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British Anti-psychiatrists : From Institutional Psychiatry to the Counter-culture 1960-1971 (Hardcover)
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The British anti-psychiatric group, which formed around R.D. Laing, David Cooper, and Aaron Esterson in the 1960s, burned bright but briefly, and has left a long legacy. This book follows their practical, social and theoretical trajectory away from the structured world of institutional psychiatry and into the social chaos of the counter-culture and its radical politics. In the process, the book explores the rapidly changing landscape of British psychiatry in the mid-Twentieth Century and the apparently structureless organisation of the part of the counter-culture that clustered around the anti-psychiatrists, including the informal power structures, based on friendship and coincidence, that it produced.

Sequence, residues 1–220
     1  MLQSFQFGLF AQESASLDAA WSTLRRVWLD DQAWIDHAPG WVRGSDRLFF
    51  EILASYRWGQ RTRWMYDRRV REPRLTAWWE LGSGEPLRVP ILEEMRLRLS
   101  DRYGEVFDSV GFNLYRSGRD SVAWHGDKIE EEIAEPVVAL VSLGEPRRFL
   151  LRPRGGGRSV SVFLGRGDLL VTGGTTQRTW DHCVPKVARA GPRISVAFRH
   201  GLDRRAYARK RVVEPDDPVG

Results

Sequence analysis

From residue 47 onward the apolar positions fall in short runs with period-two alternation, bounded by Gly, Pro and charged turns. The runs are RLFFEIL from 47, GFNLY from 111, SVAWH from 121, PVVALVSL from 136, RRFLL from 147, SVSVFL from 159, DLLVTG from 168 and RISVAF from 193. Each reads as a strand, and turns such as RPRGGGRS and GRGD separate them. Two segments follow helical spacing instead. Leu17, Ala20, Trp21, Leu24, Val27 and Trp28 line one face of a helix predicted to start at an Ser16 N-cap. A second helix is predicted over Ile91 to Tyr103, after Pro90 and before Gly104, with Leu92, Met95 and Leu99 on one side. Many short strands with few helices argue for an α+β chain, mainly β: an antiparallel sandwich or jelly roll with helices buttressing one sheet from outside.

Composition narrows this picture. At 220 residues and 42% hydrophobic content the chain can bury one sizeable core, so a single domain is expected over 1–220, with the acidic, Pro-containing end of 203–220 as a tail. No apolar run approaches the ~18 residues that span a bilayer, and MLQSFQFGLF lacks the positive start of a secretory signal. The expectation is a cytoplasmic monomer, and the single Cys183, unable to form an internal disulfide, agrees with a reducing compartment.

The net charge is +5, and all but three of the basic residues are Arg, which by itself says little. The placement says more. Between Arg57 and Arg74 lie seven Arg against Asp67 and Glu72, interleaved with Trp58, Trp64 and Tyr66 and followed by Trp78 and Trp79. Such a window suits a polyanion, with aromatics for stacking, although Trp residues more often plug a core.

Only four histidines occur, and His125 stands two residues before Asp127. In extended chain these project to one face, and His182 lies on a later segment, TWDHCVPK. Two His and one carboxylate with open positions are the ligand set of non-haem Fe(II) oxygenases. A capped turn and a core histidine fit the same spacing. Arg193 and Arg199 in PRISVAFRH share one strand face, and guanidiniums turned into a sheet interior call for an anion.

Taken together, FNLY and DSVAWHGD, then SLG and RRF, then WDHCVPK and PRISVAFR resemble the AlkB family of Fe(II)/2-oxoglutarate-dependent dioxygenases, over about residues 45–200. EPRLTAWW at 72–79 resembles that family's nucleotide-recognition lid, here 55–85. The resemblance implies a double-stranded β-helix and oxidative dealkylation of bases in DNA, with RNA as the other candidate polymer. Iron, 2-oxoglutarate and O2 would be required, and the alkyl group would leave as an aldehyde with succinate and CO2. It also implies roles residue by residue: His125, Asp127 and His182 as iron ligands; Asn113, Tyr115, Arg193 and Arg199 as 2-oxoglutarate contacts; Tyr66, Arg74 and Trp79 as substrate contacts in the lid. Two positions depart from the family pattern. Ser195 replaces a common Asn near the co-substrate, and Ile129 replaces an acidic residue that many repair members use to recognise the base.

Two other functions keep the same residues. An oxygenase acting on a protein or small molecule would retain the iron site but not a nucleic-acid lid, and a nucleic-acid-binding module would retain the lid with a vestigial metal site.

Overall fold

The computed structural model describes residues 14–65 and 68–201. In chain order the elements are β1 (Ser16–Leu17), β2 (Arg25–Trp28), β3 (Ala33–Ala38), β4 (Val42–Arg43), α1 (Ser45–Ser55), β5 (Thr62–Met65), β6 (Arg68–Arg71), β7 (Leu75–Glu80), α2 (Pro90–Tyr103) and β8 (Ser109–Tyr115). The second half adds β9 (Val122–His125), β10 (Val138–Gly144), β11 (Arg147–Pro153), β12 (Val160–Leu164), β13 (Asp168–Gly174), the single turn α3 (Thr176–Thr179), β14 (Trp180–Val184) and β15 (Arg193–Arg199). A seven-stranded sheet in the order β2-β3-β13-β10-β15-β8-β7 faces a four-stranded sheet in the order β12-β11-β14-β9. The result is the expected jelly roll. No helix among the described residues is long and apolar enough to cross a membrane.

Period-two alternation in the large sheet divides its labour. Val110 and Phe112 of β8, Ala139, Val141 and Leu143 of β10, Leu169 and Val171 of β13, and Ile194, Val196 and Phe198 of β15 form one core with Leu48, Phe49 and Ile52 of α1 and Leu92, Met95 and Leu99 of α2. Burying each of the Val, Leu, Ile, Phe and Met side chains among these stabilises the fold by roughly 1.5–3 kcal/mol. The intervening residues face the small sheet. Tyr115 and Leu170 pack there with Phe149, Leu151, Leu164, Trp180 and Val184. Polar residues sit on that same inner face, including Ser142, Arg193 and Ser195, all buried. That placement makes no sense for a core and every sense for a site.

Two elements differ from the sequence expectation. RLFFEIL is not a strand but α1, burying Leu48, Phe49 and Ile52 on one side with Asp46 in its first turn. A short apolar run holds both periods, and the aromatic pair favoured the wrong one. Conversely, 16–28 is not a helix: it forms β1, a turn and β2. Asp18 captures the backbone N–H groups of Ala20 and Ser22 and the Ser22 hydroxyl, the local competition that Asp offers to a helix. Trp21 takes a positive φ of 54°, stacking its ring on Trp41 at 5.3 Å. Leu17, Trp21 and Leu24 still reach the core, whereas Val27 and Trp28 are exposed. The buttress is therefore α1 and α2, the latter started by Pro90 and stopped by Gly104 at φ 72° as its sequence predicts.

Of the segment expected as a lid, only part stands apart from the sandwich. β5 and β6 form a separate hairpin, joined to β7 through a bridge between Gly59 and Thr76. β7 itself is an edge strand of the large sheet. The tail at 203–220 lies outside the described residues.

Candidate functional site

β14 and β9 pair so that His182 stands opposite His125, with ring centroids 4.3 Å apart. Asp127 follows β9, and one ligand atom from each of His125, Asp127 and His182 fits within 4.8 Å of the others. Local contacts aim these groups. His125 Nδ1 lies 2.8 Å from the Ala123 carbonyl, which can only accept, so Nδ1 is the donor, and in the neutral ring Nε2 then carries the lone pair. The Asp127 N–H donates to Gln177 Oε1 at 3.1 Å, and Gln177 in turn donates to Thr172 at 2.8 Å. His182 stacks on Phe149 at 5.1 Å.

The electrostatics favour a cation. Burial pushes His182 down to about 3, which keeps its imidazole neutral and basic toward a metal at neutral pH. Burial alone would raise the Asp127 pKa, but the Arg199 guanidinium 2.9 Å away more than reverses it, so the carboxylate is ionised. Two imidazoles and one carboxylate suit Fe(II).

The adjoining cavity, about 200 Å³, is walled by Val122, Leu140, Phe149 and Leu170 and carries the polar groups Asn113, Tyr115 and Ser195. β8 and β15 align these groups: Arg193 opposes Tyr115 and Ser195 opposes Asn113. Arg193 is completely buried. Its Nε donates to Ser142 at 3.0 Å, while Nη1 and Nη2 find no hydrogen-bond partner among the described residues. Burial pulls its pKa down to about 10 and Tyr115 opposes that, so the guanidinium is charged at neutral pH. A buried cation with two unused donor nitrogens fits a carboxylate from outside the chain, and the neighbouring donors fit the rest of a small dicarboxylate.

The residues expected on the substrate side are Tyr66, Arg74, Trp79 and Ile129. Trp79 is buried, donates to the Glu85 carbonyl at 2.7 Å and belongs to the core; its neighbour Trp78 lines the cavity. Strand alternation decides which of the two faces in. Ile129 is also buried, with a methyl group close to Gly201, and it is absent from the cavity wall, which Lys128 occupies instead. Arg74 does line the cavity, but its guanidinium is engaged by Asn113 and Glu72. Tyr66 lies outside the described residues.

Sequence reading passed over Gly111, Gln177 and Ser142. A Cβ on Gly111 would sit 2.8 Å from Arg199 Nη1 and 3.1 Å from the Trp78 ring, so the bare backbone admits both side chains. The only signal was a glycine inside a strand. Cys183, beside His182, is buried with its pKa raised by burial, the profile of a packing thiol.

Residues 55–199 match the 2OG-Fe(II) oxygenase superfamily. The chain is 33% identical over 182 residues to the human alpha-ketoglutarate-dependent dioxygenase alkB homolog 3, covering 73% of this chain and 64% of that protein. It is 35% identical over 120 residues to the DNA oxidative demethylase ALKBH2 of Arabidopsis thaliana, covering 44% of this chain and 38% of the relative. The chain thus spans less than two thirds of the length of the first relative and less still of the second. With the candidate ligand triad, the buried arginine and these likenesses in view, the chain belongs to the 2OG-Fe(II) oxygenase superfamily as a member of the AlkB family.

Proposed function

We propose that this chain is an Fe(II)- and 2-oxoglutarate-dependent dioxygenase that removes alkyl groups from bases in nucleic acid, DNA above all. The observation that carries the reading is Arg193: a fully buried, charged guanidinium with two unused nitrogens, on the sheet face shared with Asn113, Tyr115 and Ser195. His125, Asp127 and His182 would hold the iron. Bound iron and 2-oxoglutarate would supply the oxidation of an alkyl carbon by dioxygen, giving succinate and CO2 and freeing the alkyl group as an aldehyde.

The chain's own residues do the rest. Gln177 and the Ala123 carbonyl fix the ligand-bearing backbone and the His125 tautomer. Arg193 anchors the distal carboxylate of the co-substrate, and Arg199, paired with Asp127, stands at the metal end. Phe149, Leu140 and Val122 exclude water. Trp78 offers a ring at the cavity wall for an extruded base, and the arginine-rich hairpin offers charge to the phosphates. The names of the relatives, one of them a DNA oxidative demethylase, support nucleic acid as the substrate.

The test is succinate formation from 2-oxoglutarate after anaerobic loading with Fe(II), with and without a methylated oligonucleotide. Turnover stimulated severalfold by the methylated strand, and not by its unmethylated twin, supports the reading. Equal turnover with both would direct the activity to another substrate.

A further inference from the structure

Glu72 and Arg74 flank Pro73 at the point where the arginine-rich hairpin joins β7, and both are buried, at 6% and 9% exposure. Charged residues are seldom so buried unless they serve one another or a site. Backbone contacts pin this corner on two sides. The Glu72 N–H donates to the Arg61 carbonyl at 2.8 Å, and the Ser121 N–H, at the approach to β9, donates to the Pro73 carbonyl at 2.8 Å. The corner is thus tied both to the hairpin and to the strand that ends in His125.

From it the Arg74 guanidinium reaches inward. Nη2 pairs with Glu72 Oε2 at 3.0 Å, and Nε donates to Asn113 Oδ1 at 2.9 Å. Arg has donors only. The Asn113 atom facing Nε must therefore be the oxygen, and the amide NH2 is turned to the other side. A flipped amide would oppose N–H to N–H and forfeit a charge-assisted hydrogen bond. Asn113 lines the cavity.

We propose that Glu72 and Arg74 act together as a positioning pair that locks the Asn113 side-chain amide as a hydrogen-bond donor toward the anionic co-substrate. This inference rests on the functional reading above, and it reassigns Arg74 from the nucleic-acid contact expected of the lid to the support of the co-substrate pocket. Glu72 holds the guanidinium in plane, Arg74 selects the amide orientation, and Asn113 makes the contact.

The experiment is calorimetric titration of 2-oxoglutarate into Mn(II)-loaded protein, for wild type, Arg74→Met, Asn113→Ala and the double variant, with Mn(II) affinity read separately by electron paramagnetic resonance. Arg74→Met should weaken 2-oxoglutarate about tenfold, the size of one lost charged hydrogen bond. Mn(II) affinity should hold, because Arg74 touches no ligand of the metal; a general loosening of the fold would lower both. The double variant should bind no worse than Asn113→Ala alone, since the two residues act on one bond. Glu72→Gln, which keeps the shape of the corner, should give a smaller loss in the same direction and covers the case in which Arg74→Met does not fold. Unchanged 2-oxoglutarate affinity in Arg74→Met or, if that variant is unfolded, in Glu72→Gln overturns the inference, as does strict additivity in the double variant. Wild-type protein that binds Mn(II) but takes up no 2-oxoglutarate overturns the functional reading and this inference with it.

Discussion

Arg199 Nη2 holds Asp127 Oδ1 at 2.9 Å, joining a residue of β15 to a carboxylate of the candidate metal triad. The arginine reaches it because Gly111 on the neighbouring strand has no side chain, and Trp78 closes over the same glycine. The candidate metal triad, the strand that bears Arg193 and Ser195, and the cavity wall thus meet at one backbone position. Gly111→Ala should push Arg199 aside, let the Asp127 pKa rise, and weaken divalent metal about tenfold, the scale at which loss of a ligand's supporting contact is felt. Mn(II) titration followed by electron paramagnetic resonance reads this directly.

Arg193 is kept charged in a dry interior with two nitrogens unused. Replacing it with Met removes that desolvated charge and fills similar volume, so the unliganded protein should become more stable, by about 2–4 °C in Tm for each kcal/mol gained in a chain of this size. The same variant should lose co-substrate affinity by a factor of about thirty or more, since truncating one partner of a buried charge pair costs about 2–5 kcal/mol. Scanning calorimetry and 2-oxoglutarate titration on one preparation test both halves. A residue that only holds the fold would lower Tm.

The book also problematizes this trajectory by examining how the anti-psychiatrists distanced themselves from institutional psychiatry while maintaining strong links with some of the most important people and groups in mainstream psychiatry and psychoanalysis throughout the 1960s. It explores how, for a brief period, the anti-psychiatrists bridged the gap between psychiatry and the counter-culture, and became legitimate voices in both. The book argues that their ability to synthesise these disparate discourses was one of the strengths of the group and one of the reasons for its popularity but also, ultimately, contributed to the group’s collapse.
The book uses original interviews and archival research to reconstruct the practices, social life, and theories of the British anti-psychiatrists, offering original historical expositions of the Villa 21 experimental therapeutic community and the Anti-University of London. Finally it proposes a new reading of anti-psychiatric theory which displaces Laing from his central position and looks at the group’s works as an unfolding conversation between a network of friends and collaborators.